Summary judgment is proper only if the pleadings, the discovery and disclosure materials on file, and any affidavits show that there is no genuine issue as to any material fact and that the movant is entitled to judgment as a matter of law. Fed.R.Civ.P. 56(c). The moving party is entitled to judgment as a matter of law when the nonmoving party fails to make a sufficient showing on an essential element of a claim in the case on which the nonmoving party has the burden of proof. Celotex Corp. v. Catrett, 477 U.S. 317, 323, 106 S.Ct. 2548, 91 L.Ed.2d 265 (1986). There is no genuine issue of fact for trial where the record, taken as a whole, could not lead a rational trier of fact to find for the nonmoving party. Matsushita Elec. Indus. Co. v. Zenith Radio Corp., 475 U.S. 574, 586, 106 S.Ct. 1348, 89 L.Ed.2d 538 (1986) (nonmoving party must present specific, significant probative evidence, not simply " some metaphysical doubt" ). See also Fed.R.Civ.P. 56(e). Conversely, a genuine dispute over a material fact exists if there is sufficient evidence supporting the claimed factual dispute, requiring a judge or jury to resolve the differing versions of the truth. Anderson v. Liberty Lobby, Inc., 477 U.S. 242, 253, 106 S.Ct. 2505, 91 L.Ed.2d 202 (1986); T.W. Elec. Serv., Inc. v. Pac. Elec. Contractors Ass'n, 809 F.2d 626, 630 (9th Cir. 1987).
The determination of the existence of a material fact is often a close question. The Court must consider the substantive evidentiary burden that the nonmoving party must meet at trial--e.g., a preponderance of the evidence in most civil cases. Anderson, 477 U.S. at 254; T.W. Elec. Serv., Inc., 809 F.2d at 630. The Court must resolve any factual issues of controversy in favor of the nonmoving party only when the facts specifically attested by that party contradict facts specifically attested by the moving party. The nonmoving party may not merely state that it will discredit the moving party's evidence at trial, in the hopes that evidence can be developed at trial to support the claim. T.W. Elec. Serv., Inc., 809 F.2d at 630 (relying on Anderson, 477 U.S. at 255). Conclusory, nonspecific statements in affidavits are not sufficient, and missing facts will not be presumed. Lujan v. Nat'l Wildlife Fed'n, 497 U.S. 871, 888--89, 110 S.Ct. 3177, 111 L.Ed.2d 695 (1990).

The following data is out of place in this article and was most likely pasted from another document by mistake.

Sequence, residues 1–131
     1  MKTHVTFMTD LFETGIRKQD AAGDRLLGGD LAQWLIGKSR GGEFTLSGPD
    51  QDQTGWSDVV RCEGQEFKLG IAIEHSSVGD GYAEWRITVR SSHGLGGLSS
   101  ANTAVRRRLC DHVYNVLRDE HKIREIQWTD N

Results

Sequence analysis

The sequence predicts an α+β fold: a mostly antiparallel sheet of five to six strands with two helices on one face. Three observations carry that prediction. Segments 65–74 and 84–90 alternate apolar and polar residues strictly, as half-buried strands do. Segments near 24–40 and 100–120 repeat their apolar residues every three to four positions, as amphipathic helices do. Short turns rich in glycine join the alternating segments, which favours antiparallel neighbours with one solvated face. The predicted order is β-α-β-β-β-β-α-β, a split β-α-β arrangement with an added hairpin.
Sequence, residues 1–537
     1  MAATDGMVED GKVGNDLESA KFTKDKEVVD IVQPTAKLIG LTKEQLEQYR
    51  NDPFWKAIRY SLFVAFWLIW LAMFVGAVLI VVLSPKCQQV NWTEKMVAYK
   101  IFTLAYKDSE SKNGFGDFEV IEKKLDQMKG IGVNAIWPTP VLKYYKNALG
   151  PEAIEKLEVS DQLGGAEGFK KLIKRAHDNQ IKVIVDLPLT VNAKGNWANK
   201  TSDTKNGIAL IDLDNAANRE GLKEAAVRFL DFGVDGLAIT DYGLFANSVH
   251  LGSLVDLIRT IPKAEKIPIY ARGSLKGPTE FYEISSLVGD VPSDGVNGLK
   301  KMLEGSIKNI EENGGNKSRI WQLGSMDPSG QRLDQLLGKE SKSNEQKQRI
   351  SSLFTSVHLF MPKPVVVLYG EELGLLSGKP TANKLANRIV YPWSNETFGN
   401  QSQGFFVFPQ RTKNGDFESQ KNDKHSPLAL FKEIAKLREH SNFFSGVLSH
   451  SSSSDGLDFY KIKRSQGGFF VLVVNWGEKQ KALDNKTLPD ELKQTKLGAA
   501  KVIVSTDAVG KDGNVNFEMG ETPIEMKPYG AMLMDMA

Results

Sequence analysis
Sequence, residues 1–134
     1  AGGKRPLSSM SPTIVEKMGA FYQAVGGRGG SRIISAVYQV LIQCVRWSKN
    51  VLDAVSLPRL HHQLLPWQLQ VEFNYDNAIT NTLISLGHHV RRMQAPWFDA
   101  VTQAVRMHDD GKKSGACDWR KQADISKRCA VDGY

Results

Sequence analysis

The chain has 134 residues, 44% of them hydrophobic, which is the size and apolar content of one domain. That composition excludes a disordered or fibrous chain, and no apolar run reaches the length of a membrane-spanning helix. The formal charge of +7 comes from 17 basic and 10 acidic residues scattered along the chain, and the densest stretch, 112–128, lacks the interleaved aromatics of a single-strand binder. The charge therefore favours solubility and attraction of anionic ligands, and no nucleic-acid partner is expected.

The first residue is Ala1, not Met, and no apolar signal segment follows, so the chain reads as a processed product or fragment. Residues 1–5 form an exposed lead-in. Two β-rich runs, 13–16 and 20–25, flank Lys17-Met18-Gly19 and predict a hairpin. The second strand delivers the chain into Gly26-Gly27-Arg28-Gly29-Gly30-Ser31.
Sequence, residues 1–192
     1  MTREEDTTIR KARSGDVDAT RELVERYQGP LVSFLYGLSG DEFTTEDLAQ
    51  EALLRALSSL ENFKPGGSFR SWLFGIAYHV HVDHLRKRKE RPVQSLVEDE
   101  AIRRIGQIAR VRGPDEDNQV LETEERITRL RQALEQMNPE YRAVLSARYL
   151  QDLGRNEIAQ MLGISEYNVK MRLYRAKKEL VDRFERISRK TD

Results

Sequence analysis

2. Debt in Default
Dynamic first argues that it does not fall under the FDCPA's definition of a " debt collector" because Echlin's debt was not " in default" at the time Dynamic sent the April 2014 letter. Dkt. 14 at 7--12.